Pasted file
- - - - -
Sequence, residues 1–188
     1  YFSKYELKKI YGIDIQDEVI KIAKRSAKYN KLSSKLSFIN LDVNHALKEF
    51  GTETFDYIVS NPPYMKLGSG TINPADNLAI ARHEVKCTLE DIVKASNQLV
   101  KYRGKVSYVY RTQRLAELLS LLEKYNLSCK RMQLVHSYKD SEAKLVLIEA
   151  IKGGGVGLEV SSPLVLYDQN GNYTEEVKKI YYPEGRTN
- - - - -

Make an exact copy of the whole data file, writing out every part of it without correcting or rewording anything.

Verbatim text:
Sequence, residues 1–188
     1  YFSKYELKKI YGIDIQDEVI KIAKRSAKYN KLSSKLSFIN LDVNHALKEF
    51  GTETFDYIVS NPPYMKLGSG TINPADNLAI ARHEVKCTLE DIVKASNQLV
   101  KYRGKVSYVY RTQRLAELLS LLEKYNLSCK RMQLVHSYKD SEAKLVLIEA
   151  IKGGGVGLEV SSPLVLYDQN GNYTEEVKKI YYPEGRTN